’Digital marketing is dead’ – that’s the headline I read this morning. Apparently what the world needs now are traditional marketers, an area where businesses face a major skills gap.
The headline did what it was meant to do, it grabbed my attention and I clicked through, read the article, shook my head, and laughed…part out of disdain, part out of despair.
Are we really there already? Is ‘digital’ really dead?
I was more of the opinion that the word ‘digital’ is now the norm and perhaps ‘traditional’, ‘above the line’ or ‘old school’ were more indicative of previous methods of communicating to an audience.
In effect ‘digital’ was ‘new’ about 10 years ago and since then ‘digital’ hasn’t died, it simply became what people do. As a result ‘digital’ is now as relevant to marketing as ‘smart phone’ is for mobile; it’s simply what we expect, it’s the norm.
So why bother with the sensationalist headline? Was it just for the click through?
We all know that journalists and headline makers have struggled to make ends meet (because of a ‘digital’ revolution in their industry) and there is a ‘digital’ algorithm that helps decide what content does get seen and gets market share. It does seems as if we are being played here.
And just as Cisco declared ‘digital marketing’ a redundant term earlier this year, I thought we would check out these forward thinking dudes and see what ‘marketing’ jobs they had to offer. Surely we weren’t going to see anyone advertising one of those outdated ‘digital’ job titles?
Perhaps the headlines don’t reflect the reality of the situation.
People use the words that help create meaning for us. Ask any recruitment agency whether ‘digital’ helps distinguish between applicants that fit the bill and those that don’t!
Cisco clearly have a vision that hasn’t filtered down to the HR department, or perhaps the headline is nothing more than just that; a headline that doesn’t tie up with the reality of the situation.
It reminds me of the ‘guru’ that knocked up the headline ‘SEO is Dead’ several years ago. A few trillion organic searches later (via Search and Social), we are still just as interested in how organic visitors are driven from mobile / desktop / tablets to our site and how this affects market share.
In fact I’m going to say businesses are more interested than ever before how to plan, create, distribute, repurpose, optimise and measure the attribution of their content. This is because businesses now have an understanding of ‘digital’ measurement and how these align to real business goals.
In effect, ‘SEO’, just like ‘digital’, hasn’t died, it just isn’t as unachievable as it once was, not as scary, and isn’t the great headline maker it once was. If this means that ‘headline’ makers have to change the aspirational goal posts now and again, then so be it, but be careful what you ask for!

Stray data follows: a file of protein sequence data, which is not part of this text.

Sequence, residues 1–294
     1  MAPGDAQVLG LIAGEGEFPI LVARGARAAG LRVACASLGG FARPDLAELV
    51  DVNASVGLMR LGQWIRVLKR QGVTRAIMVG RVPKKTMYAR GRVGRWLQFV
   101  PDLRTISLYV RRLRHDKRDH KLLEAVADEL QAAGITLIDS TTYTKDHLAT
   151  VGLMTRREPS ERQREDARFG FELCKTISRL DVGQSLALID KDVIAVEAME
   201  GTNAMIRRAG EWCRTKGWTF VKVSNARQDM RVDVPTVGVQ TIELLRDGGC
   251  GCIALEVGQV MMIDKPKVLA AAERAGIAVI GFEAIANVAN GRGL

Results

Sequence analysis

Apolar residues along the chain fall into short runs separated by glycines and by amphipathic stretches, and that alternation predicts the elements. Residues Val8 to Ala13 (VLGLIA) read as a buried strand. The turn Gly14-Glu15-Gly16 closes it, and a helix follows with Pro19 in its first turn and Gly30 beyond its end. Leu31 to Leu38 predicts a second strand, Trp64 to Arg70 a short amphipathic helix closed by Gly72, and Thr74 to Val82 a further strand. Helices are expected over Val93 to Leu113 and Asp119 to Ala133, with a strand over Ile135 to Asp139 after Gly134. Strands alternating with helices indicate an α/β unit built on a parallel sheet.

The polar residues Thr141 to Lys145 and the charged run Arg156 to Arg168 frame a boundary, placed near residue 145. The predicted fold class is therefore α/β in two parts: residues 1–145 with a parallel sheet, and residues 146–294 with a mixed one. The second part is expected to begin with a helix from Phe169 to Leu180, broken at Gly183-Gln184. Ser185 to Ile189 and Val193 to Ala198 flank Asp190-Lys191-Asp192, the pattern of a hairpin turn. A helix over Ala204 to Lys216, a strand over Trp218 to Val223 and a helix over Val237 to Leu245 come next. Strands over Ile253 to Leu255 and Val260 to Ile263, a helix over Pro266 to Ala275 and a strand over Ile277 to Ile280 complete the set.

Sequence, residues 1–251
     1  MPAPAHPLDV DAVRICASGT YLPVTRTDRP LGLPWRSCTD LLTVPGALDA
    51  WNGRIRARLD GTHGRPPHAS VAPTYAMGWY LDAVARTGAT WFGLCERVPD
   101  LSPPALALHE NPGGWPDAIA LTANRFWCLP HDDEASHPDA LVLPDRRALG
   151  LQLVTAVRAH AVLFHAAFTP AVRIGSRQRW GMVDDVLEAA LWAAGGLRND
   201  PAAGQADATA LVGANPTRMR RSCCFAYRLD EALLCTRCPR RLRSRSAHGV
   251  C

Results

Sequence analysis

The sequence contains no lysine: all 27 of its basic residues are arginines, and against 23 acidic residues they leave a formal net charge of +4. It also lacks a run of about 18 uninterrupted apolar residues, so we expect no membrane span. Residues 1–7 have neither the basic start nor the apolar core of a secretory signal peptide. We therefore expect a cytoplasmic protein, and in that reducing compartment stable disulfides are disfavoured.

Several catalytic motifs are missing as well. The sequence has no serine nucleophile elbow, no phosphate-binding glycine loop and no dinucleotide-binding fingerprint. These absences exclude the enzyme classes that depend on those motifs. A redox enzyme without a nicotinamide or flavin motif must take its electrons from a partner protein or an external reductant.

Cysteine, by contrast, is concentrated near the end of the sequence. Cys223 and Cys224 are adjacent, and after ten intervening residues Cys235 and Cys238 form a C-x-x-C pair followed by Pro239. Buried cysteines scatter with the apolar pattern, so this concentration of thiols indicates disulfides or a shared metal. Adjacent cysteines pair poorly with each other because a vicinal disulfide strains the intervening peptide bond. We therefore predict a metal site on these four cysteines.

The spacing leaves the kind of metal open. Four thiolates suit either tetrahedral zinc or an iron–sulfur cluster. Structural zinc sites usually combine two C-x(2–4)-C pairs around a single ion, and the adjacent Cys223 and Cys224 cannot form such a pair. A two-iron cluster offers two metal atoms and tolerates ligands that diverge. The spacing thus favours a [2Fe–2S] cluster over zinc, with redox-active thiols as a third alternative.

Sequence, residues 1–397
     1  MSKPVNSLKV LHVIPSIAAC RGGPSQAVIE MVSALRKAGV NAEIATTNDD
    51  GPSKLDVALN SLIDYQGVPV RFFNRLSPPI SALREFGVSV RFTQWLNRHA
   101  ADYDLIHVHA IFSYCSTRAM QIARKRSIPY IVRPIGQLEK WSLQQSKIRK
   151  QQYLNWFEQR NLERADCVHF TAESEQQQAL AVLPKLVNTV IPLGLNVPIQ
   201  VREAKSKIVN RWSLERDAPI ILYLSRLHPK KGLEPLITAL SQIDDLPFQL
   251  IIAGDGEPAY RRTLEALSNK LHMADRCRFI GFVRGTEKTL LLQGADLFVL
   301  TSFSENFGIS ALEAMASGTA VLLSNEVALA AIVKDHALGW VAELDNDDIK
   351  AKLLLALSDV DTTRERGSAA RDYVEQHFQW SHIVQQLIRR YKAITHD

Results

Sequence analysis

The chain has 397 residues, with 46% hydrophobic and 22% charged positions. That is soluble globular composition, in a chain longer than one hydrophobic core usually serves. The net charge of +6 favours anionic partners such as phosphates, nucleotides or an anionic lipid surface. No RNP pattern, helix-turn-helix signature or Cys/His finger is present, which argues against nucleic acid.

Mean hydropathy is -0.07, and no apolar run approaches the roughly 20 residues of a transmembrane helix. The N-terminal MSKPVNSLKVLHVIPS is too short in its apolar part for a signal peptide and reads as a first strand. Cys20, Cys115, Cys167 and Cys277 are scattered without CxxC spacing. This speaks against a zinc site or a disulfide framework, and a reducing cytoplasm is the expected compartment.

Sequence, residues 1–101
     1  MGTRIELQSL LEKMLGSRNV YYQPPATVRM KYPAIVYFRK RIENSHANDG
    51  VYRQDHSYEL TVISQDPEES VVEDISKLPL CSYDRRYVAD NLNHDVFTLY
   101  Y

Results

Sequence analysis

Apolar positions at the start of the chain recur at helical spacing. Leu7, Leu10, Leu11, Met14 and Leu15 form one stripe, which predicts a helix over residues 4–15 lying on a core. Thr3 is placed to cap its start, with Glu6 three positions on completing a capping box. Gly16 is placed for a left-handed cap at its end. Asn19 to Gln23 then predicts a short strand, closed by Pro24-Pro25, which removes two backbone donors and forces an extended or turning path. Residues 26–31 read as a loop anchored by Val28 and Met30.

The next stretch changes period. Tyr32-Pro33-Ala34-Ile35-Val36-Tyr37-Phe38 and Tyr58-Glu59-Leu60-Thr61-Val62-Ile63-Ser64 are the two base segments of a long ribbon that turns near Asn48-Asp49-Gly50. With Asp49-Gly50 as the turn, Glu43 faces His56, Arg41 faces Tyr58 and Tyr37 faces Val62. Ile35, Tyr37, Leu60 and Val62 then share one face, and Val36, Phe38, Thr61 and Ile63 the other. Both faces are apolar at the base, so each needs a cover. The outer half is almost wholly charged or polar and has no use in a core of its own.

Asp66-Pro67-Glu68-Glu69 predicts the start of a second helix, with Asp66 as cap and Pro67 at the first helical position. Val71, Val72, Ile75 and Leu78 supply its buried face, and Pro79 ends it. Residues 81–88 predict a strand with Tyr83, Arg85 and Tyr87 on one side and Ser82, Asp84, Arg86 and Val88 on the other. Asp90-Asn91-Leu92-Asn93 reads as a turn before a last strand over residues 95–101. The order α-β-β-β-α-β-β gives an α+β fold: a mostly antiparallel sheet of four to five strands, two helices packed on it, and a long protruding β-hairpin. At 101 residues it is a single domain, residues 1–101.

If Cisco dropped ‘digital’ from their job titles, could you imagine the number of unqualified candidates that could apply for the post.
So when do we get to drop the ’digital’ word?
Despite the headlines, Google Trends shows that more people are using the phrase ‘digital marketing’ than ever before. And as you can see the ‘digital media’ terminology is becoming increasingly irrelevant as more media is delivered in a digital format (even the printed stuff).
The difference is that marketing media effectively is increasingly dependent on having ‘digital marketing’ skills.
So it seems that this so-called ‘dead’ medium of ‘digital’ has a long way to go before it starts pushing up the daisies, particularly when you consider that we’ve just scratched the surface of app optimisation and Artificial Intelligence.
Let’s go back and look at Cisco’s job page in January 2017 and we’ll see how the visionaries are getting on. Will we see a drop in ‘digital’ job titles in a year time? I don’t honestly know. My gut feel is we’ll see a growing trend of ‘digital is dead’ articles by publishers this year; but as long as you read it on a screen (rather than on an expensive printed format) you can probably work out whether ‘digital’ is or isn’t dead.
Is digital now traditional marketing?
Because it’s been around for a decade and a generation of Millennials see it as the norm, digital is becoming traditional.
What has changed is the ability to measure ‘traditional’ channels, mostly because digital analyst skills have driven this change. There aren’t the same hiding places – media is measurable both offline and online, and the attribution between these channels can be measured.
Some of the best TV and press campaigns tell people what to search for, while savvy producers of tangible products use digital messages on their packaging to drive customers to social media platforms.
Digital isn’t dead, it’s just starting to grow up a bit.
As much as I would love to see everyone understand ‘marketing’ as “the action or business of promoting and selling products or services, including market research and advertising”, we need to start by understanding the difference between a sensationalist headline and the reality of the situation.
While terminology might change, sensationalist headlines are nothing but a traditional method of getting attention in a busy digital world. But if digital marketing was ‘dead’ you wouldn’t be reading this article, and Cisco wouldn’t be advertising for a digital marketing team!